Knickerbocker Birthday: A Sesqui-Centennial History of the New-York Historical Society, 1804-1954

Knickerbocker Birthday: A Sesqui-Centennial History of the New-York Historical Society, 1804-1954

Knickerbocker Birthday: A Sesqui-Centennial History of the New-York Historical Society, 1804-1954

Knickerbocker Birthday: A Sesqui-Centennial History of the New-York Historical Society, 1804-1954

Excerpt

A native of New York City, Egbert Benson graduated from King's College in 1765 and became a member of the bar four years later. He was a Revolutionary patriot of great activity and helped set up the new State government; a member of the Provincial Congress in 1776, of the Council of Safety from 1777 to 1778, of the first Legislative Assembly in 1777, where he drafted some of the most important legislation. He also served as first Attorney General for eleven years beginning in 1777. In national affairs, he was a delegate to the Congress of the Confederation, 1781-1784, to the Annapolis Convention of 1786 and represented New York in the first two United States Congresses. He was a strong backer of the Administration and especially of the measures advocated by Hamilton. In 1794 he began a seven-year term as Justice of the New York Supreme Court and in 1801 became Chief Justice of the Second United States Circuit Court. When this court was abolished in 1802 he retired to private practice but served briefly in Congress, 1813-1815. His legal learning, which was second only to that of Hamilton, was recognized by his receiving the degree of Doctor of Laws from Union, Harvard, and Dartmouth. He served as Regent of the University of the State of New York from 1787 to 1802, as a Trustee of Columbia College from 1804 to 1815, and as first President of our Society, of which he was a Founder, from 1805 to 1815. He published a standard legal work on Cases and Queries in 1809, A Vindication of the Captors of Major André in 1817, and a Memoir on New York Dutch Place Names, which he had delivered before the Society in 1816, appeared in 1825 and was reprinted in our Collections for 1848. His last years were spent in Jamaica, Long Island. The Society owns his oil portrait by Gilbert Stuart as well as Jarvis's early copy of it.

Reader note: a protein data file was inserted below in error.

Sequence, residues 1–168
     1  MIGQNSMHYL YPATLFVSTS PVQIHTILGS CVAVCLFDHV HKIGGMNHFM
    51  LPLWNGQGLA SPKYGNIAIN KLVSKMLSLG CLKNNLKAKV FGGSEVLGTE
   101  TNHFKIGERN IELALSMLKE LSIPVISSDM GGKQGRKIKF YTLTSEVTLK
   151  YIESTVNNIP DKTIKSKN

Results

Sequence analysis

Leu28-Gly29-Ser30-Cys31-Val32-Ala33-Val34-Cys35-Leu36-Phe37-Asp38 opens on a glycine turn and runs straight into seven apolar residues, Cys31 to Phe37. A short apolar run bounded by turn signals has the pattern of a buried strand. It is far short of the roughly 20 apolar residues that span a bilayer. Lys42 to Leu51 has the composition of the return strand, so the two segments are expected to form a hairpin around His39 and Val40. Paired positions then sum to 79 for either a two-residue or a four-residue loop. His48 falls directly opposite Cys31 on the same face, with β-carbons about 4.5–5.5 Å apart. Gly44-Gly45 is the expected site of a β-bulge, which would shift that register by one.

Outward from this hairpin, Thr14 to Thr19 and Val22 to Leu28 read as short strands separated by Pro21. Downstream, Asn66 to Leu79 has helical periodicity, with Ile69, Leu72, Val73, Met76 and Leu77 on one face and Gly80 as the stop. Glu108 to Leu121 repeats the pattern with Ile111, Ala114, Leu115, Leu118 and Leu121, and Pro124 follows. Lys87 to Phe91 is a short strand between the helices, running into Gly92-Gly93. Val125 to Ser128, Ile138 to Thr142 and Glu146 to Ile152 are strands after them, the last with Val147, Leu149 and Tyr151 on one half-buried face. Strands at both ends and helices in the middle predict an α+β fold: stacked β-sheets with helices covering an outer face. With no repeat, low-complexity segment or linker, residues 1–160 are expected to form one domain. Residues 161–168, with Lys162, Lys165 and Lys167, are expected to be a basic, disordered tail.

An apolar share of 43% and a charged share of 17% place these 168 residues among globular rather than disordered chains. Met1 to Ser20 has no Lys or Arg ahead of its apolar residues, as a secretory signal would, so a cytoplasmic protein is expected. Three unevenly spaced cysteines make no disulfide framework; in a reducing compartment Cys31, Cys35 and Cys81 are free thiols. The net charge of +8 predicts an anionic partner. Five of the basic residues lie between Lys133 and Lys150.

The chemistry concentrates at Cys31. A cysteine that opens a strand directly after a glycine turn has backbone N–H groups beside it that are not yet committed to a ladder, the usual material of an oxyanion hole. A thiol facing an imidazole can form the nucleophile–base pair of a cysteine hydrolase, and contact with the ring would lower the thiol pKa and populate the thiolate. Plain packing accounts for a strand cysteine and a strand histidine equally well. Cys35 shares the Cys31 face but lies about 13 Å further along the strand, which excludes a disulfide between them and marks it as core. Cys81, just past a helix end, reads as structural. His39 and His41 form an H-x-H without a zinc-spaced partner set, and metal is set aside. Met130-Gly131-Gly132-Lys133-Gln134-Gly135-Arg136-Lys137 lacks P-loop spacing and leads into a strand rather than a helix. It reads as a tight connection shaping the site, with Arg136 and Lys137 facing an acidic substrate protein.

DURING the eleven years of Benson's presidency our nation was governed by Jefferson to 1809 and then by Madison; Michigan, Illinois, and Missouri became Territories and Louisiana a State. The war between Great Britain and France closed European ports to our shipping and we retaliated with the Embargo Act which prohibited our ships from sailing to Europe . . .

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